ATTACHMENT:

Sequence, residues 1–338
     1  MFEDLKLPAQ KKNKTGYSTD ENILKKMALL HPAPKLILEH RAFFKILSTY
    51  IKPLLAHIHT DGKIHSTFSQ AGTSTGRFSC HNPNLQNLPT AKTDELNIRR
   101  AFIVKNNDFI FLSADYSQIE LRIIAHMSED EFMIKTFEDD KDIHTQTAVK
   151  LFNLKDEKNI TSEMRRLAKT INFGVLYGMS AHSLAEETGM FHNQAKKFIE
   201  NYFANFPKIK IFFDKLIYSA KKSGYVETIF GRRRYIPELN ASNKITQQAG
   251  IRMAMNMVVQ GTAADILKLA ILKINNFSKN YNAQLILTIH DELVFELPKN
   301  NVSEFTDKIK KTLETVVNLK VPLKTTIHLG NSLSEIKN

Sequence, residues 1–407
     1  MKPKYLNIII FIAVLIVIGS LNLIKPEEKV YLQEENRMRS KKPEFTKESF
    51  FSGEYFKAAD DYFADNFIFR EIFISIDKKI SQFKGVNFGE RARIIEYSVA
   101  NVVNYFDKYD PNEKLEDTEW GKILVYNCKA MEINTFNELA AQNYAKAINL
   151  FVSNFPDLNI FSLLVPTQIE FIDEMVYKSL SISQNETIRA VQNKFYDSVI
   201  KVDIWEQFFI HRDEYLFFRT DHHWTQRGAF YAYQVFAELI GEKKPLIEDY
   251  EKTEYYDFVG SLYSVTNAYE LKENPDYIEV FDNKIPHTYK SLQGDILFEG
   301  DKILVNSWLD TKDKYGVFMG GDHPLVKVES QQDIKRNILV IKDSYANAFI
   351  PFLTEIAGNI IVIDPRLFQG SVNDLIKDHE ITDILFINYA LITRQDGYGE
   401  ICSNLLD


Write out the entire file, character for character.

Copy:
Sequence, residues 1–338
     1  MFEDLKLPAQ KKNKTGYSTD ENILKKMALL HPAPKLILEH RAFFKILSTY
    51  IKPLLAHIHT DGKIHSTFSQ AGTSTGRFSC HNPNLQNLPT AKTDELNIRR
   101  AFIVKNNDFI FLSADYSQIE LRIIAHMSED EFMIKTFEDD KDIHTQTAVK
   151  LFNLKDEKNI TSEMRRLAKT INFGVLYGMS AHSLAEETGM FHNQAKKFIE
   201  NYFANFPKIK IFFDKLIYSA KKSGYVETIF GRRRYIPELN ASNKITQQAG
   251  IRMAMNMVVQ GTAADILKLA ILKINNFSKN YNAQLILTIH DELVFELPKN
   301  NVSEFTDKIK KTLETVVNLK VPLKTTIHLG NSLSEIKN

Sequence, residues 1–407
     1  MKPKYLNIII FIAVLIVIGS LNLIKPEEKV YLQEENRMRS KKPEFTKESF
    51  FSGEYFKAAD DYFADNFIFR EIFISIDKKI SQFKGVNFGE RARIIEYSVA
   101  NVVNYFDKYD PNEKLEDTEW GKILVYNCKA MEINTFNELA AQNYAKAINL
   151  FVSNFPDLNI FSLLVPTQIE FIDEMVYKSL SISQNETIRA VQNKFYDSVI
   201  KVDIWEQFFI HRDEYLFFRT DHHWTQRGAF YAYQVFAELI GEKKPLIEDY
   251  EKTEYYDFVG SLYSVTNAYE LKENPDYIEV FDNKIPHTYK SLQGDILFEG
   301  DKILVNSWLD TKDKYGVFMG GDHPLVKVES QQDIKRNILV IKDSYANAFI
   351  PFLTEIAGNI IVIDPRLFQG SVNDLIKDHE ITDILFINYA LITRQDGYGE
   401  ICSNLLD